National Foods jittery over currency changes

The group experienced a volume increase of 3,4% to 285 000 tonnes owing to the increase in stockfeeds and flour divisions volumes.

NATIONAL Foods chairman Edwin Manikai says the extensive changes in the country’s currency environment have created uncertainties in the treatment of taxes due across the economy.

In a statement accompanying the group’s financial results for the six months ended December 31, 2023, Manikai said the wording of existing tax legislation has given rise to varying interpretations of tax law within the country.

“As advised in previous periods, there have been substantial changes in the currency environment in Zimbabwe in recent years, including the reintroduction of the Zimbabwe dollar as the country’s functional currency in February 2019 through Statutory Instrument (SI) 33 of 2019, followed by the promulgation of SI 185 of 2020, which reintroduced the use of foreign currency for domestic transactions,” he noted.

“These significant changes have created numerous uncertainties in the treatment of taxes due across the economy and have been compounded by a lack of clear statutory and administrative guidance or practical transitional measures from the tax authorities.

“The wording of existing tax legislation has given rise to varying interpretations of tax law within the country.”

Manikai also noted that the interpretation of the tax laws in terms of currency settlement and the methodology of tax consumption for the group now differs from that of the authorities.

“Over time, it has become apparent that the group’s interpretation of the law regarding the currency of settlement for taxes, as well as the methodology for tax computation, has differed from that of the authorities, and this has resulted in a number of uncertainties in the group’s tax position,” he said.

“The group continues to seek adjudication by the courts on these matters.”

The group experienced a volume increase of 3,4% to 285 000 tonnes owing to the increase in stockfeeds and flour divisions volumes.

“These gains were offset by losses in rice volumes, following the banning of exports out of India, which led to a significant increase in global prices,” Manikai said.

He said that the group is keen to support contract farming of cereal crops having planted 5 200 hectares of maize and 2 400 hectares of soya under this scheme in the current season.

“National Foods continues to keenly support contract farming of various cereal crops, principally maize, soya beans, and wheat,” Manikai said.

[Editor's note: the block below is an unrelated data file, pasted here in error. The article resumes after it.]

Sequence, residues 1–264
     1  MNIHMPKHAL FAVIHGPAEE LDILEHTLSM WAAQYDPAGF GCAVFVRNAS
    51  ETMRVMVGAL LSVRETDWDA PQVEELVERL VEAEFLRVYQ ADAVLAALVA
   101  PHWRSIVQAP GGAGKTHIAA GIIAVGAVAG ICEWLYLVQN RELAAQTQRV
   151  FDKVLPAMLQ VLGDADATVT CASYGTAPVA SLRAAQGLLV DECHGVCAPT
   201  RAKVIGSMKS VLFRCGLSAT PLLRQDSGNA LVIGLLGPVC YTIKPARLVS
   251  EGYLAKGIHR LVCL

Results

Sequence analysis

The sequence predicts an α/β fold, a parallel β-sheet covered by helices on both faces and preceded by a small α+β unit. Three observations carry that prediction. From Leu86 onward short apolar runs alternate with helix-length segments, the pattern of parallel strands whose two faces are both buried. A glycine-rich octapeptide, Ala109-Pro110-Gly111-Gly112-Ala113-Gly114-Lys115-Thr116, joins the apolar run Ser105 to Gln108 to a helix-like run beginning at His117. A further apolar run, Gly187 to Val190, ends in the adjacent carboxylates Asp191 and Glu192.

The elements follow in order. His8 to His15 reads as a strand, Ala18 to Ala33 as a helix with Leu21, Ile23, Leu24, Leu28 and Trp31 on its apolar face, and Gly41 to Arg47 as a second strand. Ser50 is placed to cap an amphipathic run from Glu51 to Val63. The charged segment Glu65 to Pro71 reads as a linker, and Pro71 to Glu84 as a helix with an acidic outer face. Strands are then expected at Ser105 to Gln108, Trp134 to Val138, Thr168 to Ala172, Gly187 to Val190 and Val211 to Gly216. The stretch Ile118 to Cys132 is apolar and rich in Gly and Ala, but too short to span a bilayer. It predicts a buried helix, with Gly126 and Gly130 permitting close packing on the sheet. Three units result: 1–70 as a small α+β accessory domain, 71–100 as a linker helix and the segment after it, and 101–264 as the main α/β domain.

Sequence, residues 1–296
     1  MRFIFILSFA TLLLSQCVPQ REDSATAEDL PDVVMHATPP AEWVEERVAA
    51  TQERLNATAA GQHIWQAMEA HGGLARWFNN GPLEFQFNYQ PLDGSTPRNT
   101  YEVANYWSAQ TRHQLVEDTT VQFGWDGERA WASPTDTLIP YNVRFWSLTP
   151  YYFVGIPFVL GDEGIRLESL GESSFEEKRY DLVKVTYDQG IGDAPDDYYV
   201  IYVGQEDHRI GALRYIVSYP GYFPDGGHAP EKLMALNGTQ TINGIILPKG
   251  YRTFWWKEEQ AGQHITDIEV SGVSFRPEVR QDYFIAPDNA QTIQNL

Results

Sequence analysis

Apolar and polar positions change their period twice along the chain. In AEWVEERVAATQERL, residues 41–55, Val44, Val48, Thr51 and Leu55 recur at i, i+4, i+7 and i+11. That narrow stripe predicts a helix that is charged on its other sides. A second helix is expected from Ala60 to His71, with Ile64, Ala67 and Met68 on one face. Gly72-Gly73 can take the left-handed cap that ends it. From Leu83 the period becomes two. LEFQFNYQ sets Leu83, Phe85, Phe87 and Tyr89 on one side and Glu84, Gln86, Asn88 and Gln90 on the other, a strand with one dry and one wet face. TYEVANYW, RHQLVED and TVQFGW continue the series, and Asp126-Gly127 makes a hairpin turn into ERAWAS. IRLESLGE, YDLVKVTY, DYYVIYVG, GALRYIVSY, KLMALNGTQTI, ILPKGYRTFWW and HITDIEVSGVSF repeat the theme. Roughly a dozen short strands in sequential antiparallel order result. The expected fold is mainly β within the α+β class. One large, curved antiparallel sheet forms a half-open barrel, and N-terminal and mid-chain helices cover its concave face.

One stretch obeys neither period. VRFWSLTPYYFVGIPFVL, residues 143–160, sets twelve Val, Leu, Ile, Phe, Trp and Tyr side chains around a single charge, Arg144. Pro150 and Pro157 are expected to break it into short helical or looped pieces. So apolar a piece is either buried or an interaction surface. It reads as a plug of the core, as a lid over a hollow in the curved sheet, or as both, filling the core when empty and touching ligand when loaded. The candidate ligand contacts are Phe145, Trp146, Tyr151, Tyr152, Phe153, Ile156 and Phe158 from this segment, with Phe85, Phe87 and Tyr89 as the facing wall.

“The group acts as the largest off-taker to the contract farming scheme, which produced 45 000 tonnes of wheat for the 2023 season, all of which was purchased by National Foods.”

Flour milling current period volumes for the flour unit increased by 5% over the comparative period, largely driven by lower wheat pricing, which in turn lowered flour pricing.

The company continues to be a key off-taker of the 2023 local wheat harvest, having purchased in excess of 60 000 tonnes to date.

Stockfeed volumes grew by 14% above the comparative period, on the back of strong performances in the poultry and beef categories.

Maize milling maize volumes were disappointing, declining by 9,5% over the comparative period, although there was some recovery toward the end of the current period under review.

The report also noted that National Foods has a substantial import programme in place for raw maize, and it is expected that supplies to the market will be consistent for the foreseeable future.

 Volumes in the Downpacked unit, which primarily packs rice and salt, declined by 17% over the comparative period as India, which is the group’s main source of value rice, banned rice exports to protect domestic supplies.

This ban led to minor supply disruptions and also caused global rice prices to increase significantly, impacting off-take.

 Cereals volumes in the cereals unit grew by 7% over the comparative period, notwithstanding the compressed trading in the modern retail channel.

Snack volumes in this division increased by 31% over the comparative period, as further capacity enhancements came online with both the “King” and “Zapnax” brands’ volumes growing.   

Biscuits volumes declined by 27% against the comparative period.

“This was a period of transition for the unit, with good progress made in the construction of the new manufacturing plant, which is expected to be commissioned in April 2024,” Manikai said.

“The new plant will result in an exciting new range of biscuits being launched into the market.”

Pasta volumes for the period increased by 11% over the comparative period.

“Similar to biscuits, the pasta unit was in a period of transition, with our new plant being commissioned in February 2024 aimed at localising productions and value-adding wheat,” he added.

Revenue increased by 3,3% to US$172 million, with the moderate increase being largely volume-related.

Gross profit dollars decreased by 2,1%, US$784 000 in absolute terms, as pricing was moderated to maintain volume momentum.

Operating costs, which continued to re-base in real terms, increased by 7,9% to US$25,7 million, driven mainly by power (both from the grid and generators), repairs and maintenance, and higher wages at the factory floor level.

 As a result, operating profit before depreciation, financial loss, interest, equity accounted earnings, and tax at US$11 million was 21% below the comparative period.

 There was also a substantial reduction in interest costs, which declined from US$3,3 million in the comparative period to US$0,9 million; the comparative period was heavily impacted by the sudden, and extreme, increase of local currency interest.

These two factors drove the group’s current period profit before tax to US$9,60 million, an increase of 56% over the comparative period.

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